Electric Radiant heating on slab

lalitharJune 3, 2011


Our house is on a concrete slab and I want to understand the options for installing electric radiant heating on slab. I hear these have come a long way and there are ultra-thin mats available. Any advice on what to look out for, brands, sizing, any issues? Can we do room specific controls? We are thinking of doing tile or hardwood flooring. I searched the archives but could not find anything specific to my question.

We live in California near San Francisco, so not terribly cold but cold enough.



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Electric radiant heating is generally used for small spaces like bathrooms. To do a larger area is a very expensive undertaking and even more expensive to use. The thought of doing that in CA is particularly insane....

Why insane? Well your peak rates are 4 times mine (maybe not but most of the Bay area is). and I wouldn't do it here because of the expense.

Makes far more sense to do hydronic and heat with NG. But any slab heating for a large area is really overkill in such a temperate climate. What do you heat your house currently with? Are you trying to heat your house with radiant heating (because that isn't really possible with electric) or are you just trying to take the chill off the floor?

Normally electric is used for taking the chill off of tile. Since you mentioned wood, I am guessing that you want to heat a room with this...

    Bookmark   June 3, 2011 at 11:49AM
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i'd like to add a few points.

A slab is a thermal mass bigger than an elephant.
Concrete is a heat sink.
You do get all the heat back, if you own both sides of the slab.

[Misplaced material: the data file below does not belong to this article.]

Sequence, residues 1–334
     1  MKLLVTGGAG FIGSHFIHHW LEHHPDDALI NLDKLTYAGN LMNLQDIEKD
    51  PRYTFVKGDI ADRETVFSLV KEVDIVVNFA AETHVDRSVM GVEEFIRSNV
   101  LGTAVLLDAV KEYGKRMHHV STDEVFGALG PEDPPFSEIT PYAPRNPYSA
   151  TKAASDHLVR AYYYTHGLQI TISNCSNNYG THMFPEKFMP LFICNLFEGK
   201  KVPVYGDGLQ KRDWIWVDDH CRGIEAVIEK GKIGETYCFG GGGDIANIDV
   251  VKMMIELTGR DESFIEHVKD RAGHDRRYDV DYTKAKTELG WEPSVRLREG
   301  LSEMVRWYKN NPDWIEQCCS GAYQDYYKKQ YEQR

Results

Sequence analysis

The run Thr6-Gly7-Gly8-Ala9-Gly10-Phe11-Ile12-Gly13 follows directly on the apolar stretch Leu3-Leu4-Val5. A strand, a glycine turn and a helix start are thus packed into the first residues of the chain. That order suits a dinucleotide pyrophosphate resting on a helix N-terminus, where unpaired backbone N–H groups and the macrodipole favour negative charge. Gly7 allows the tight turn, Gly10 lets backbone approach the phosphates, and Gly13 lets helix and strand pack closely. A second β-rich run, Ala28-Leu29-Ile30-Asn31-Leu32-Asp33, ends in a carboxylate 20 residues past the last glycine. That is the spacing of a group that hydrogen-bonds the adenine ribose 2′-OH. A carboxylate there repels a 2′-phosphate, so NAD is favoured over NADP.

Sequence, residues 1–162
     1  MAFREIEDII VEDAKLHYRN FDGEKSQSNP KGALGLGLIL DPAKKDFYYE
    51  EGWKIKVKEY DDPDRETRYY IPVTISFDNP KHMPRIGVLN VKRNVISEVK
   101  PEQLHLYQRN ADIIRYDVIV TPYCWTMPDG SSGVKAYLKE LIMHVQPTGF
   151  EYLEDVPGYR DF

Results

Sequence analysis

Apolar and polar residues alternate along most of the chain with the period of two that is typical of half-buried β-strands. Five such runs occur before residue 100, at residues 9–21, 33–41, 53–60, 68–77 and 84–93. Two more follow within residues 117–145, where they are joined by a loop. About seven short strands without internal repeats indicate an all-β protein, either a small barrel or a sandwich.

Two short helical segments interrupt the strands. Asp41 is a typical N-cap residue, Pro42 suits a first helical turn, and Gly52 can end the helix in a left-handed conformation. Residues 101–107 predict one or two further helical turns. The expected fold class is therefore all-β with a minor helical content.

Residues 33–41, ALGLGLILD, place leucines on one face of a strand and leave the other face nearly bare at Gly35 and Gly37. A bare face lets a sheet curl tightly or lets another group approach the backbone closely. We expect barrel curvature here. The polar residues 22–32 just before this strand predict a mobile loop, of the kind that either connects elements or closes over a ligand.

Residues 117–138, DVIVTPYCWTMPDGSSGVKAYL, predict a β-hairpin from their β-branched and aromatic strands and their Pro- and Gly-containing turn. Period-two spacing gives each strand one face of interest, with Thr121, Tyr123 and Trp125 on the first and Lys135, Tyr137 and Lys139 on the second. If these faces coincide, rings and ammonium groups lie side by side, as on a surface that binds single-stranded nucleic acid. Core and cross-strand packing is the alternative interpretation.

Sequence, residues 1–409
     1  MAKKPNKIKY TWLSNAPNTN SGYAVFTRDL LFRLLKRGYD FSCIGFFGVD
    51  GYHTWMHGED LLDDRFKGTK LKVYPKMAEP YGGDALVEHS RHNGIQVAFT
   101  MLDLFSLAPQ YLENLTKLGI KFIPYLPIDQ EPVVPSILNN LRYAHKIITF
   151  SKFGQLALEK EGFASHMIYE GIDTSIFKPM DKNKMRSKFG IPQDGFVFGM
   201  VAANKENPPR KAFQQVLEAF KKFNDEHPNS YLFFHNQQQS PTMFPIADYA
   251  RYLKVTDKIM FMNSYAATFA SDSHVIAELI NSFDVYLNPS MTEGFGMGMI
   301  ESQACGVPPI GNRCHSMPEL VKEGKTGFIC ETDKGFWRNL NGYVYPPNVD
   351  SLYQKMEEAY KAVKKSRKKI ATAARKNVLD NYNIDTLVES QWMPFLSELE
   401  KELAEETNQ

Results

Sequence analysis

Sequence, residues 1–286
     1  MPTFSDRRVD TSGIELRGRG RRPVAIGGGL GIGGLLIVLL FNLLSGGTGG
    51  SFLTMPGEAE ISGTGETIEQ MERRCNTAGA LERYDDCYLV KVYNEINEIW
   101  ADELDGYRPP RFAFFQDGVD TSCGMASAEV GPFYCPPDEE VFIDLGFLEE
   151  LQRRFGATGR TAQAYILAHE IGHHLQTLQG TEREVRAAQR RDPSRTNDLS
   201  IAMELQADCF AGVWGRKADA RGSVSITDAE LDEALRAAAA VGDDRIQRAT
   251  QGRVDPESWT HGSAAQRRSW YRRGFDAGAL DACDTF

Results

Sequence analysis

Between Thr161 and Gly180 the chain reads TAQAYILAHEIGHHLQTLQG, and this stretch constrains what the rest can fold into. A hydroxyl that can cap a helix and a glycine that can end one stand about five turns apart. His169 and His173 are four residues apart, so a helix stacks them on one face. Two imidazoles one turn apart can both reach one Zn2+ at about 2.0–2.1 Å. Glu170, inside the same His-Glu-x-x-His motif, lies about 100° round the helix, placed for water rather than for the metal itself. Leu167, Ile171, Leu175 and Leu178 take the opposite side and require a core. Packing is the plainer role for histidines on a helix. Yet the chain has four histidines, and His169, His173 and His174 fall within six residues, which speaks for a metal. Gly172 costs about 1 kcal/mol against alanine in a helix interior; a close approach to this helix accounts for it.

In that case a concrete slab is a heat source as well. A governor.
Here you don't have that.
A slab on grade is connected to mother earth.
The more it acquires heat (from any source above), the more it loses heat to the ground underneath.
The more you try to heat it, the more you spend on heating the earth underneath.
That is a lot of mass.

This explains why seeds germinate next to rocks.
The rocks acquire heat from the sun and re-radiate that heat into the ground, triggering germination.

Your slab on grade might be on earth that is generally dry and warm. Or not.
The more moisture in the earth, the more slab heat is lost to the earth. More quickly.

It may be easy to have a warm floor on a warm slab on grade. Do nothing more than install wood on an underlayment.

It's difficult to turn a cold wet slab on grade into a warm floor.
A layer of really good insulation is required.
Now, you are walking on a raised floor.

Since you asked about the new and thin electric heating cables, I'll guess that you can't raise the floor by much.

    Bookmark   June 3, 2011 at 12:31PM
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To get a warm house in the geographical area you are, think of making the house airtight with a housewrap, building it as they would in Alaska or the Yukon. Almost every house in the SF area feels cold in winter, and almost every house 1000 or 2000 miles farther north feels warm in winer.

    Bookmark   June 3, 2011 at 5:33PM
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